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How To Design for the Blind?

Designing for accessibility is an important factor in both web and print design, yet many companies that do not specifically cater to disabled persons actually incorporate all accessible design best practices. One disability that is often ignored is blindness, evident in the design all around us. When was the last time you saw a business card with embossed Braille? Browse to a few random websites – how many of them are accessible by blind people?  The sad fact is few designers consider the blind when they create their designs.

The problem is that design is largely considered a visual medium, but that’s a paradigm that has to change. Design is a communication medium, and as such it needs to be able to communicate to everyone, not just those with good eyesight.  Nearly 7 million people in the U.S. and 39 million people worldwide are blind, and 285 people worldwide have vision impairment that, in many cases, requires the use of alternative assistance.  Even if you’re not likely to design for pure accessibility purposes, it’s clear to see that blind people represent a very large market, and one that can only be served by companies that cater to it.

Designing for the blind in print

Designing for the blind doesn’t have to be complicated, but there are certain factors you have to take into consideration.  In print, the use of Braille is preferred. Many printing companies can emboss Braille symbols on business cards, posters, flyers and other print marketing materials to make them easy for blind people to read.  You don’t even have to know Braille to incorporate it into your designs.  Use a Braille translator, though I recommend authenticating its accuracy before going to print.

Designing for the blind on the web and for mobile

Web and mobile accessibility for the blind requires certain considerations. Much has been written about designing for accessibility in general, and the following links will help you craft designs communicate with the blind.

  • W3C Accessibility Guidelines:  Learn the best practices of designing for accessibility, not just for the blind, but all people who have special considerations.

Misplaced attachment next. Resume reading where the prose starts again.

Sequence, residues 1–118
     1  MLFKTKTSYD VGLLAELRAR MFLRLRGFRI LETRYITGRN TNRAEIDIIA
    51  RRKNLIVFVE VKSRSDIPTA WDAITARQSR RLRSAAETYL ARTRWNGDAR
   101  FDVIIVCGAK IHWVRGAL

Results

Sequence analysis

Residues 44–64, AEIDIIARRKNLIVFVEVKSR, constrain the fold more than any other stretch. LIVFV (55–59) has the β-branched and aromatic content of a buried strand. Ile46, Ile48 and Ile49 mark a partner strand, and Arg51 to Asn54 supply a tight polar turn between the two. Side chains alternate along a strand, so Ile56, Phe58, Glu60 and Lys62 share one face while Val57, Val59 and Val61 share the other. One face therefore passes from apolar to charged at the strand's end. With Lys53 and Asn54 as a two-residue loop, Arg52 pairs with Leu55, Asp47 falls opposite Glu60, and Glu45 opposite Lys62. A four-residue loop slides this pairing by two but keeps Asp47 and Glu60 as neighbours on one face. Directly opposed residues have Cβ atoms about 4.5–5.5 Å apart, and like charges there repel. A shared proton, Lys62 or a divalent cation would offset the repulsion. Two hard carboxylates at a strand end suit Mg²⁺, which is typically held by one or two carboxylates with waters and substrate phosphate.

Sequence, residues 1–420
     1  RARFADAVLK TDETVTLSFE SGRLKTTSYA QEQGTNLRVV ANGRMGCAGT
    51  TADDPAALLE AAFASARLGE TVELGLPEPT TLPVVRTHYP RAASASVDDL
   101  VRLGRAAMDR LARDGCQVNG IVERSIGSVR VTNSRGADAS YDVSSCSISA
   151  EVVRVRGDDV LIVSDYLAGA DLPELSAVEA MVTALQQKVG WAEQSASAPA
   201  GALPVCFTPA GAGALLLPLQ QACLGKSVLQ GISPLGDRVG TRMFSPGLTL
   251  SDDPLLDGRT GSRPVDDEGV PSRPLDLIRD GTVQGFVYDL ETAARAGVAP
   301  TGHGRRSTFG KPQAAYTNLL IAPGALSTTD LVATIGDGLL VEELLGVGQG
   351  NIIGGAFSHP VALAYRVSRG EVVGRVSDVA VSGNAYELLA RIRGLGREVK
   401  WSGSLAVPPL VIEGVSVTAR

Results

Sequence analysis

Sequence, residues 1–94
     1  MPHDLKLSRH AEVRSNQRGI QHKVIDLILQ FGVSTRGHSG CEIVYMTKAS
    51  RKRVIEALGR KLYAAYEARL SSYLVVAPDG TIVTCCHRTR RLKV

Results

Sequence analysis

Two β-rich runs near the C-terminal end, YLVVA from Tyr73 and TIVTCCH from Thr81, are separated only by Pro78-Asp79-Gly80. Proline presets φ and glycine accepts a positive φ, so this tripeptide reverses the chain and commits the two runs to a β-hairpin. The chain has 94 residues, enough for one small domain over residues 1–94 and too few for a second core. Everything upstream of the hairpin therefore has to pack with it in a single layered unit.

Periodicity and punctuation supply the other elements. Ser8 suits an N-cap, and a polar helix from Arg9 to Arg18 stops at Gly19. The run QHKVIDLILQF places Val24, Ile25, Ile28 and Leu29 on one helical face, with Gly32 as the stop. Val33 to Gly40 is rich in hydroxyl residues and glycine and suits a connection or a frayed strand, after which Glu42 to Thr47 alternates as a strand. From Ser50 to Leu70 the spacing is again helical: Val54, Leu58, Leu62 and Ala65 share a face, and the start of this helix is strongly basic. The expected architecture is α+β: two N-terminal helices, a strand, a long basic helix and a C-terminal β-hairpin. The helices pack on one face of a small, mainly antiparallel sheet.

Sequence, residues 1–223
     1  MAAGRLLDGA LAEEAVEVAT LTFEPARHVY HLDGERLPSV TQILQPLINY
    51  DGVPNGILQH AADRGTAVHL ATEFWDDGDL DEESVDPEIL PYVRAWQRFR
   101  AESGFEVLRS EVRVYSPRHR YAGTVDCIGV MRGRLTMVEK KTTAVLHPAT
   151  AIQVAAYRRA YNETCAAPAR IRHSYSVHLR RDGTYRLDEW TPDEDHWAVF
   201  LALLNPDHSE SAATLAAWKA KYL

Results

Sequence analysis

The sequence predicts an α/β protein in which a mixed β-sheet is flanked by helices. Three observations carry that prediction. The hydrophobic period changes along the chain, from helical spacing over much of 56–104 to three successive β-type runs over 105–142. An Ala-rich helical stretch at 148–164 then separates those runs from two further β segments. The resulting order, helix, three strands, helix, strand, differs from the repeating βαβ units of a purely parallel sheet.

• Creating Accessible Websites: The American Foundation for the Blind covers everything you need to know about creating websites for blind people.
  • Understand Technology for the Blind: This page details what types of devices and software are commonly used by the blind. Screen readers, which translate text to either audio or Braille, or the most common devices used by the blind. When you understand how blind people use the web, you can better design to cater to those devices. This is why descriptive links and image alt text are so important.
  • Browsers for the Blind: Some people prefer to use special browsers to help them read websites. These include WebbIE, MozBraille (a Firefox extension) and several others.
  • Understand Mobile Technology for the Blind: Both Android and Apple have accessibility features and apps to make it easy for the blind to use their smartphones and tablets. Not only should you design websites to function with accessibility on these devices, you should similarly design any applications to do the same.

Designing for the blind represents taking extra steps to ensure accessibility, but your efforts will not be made in vain. Not only does accessibility provide access to your content, it allows you to market to the visually impaired. Finally, being able to design for the blind makes you more marketable as a designer, therefore creating new opportunities to grow your own career. Designing for the blind isn’t just the right thing to do, it’s the smart thing to do.

Author Bio:- Brian Morris writes for the PsPrint Design & Printing Blog. PsPrint is an online commercial printing company. Follow PsPrint on Twitter @PsPrint.

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